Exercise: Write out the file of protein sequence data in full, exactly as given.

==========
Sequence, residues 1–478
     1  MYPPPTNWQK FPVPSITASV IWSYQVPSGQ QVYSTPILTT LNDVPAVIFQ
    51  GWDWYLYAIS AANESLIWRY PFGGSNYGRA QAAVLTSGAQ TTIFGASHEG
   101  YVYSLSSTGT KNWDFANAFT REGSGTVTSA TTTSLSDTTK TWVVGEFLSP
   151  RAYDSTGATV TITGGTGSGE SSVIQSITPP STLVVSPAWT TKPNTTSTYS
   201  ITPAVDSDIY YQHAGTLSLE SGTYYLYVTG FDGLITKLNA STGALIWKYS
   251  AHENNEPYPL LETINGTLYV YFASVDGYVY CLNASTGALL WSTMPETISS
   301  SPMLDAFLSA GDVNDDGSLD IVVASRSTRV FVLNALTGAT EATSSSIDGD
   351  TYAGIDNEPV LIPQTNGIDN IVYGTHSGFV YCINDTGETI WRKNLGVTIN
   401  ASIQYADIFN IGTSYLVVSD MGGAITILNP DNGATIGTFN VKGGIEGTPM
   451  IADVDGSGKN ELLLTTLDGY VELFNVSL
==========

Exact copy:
Sequence, residues 1–478
     1  MYPPPTNWQK FPVPSITASV IWSYQVPSGQ QVYSTPILTT LNDVPAVIFQ
    51  GWDWYLYAIS AANESLIWRY PFGGSNYGRA QAAVLTSGAQ TTIFGASHEG
   101  YVYSLSSTGT KNWDFANAFT REGSGTVTSA TTTSLSDTTK TWVVGEFLSP
   151  RAYDSTGATV TITGGTGSGE SSVIQSITPP STLVVSPAWT TKPNTTSTYS
   201  ITPAVDSDIY YQHAGTLSLE SGTYYLYVTG FDGLITKLNA STGALIWKYS
   251  AHENNEPYPL LETINGTLYV YFASVDGYVY CLNASTGALL WSTMPETISS
   301  SPMLDAFLSA GDVNDDGSLD IVVASRSTRV FVLNALTGAT EATSSSIDGD
   351  TYAGIDNEPV LIPQTNGIDN IVYGTHSGFV YCINDTGETI WRKNLGVTIN
   401  ASIQYADIFN IGTSYLVVSD MGGAITILNP DNGATIGTFN VKGGIEGTPM
   451  IADVDGSGKN ELLLTTLDGY VELFNVSL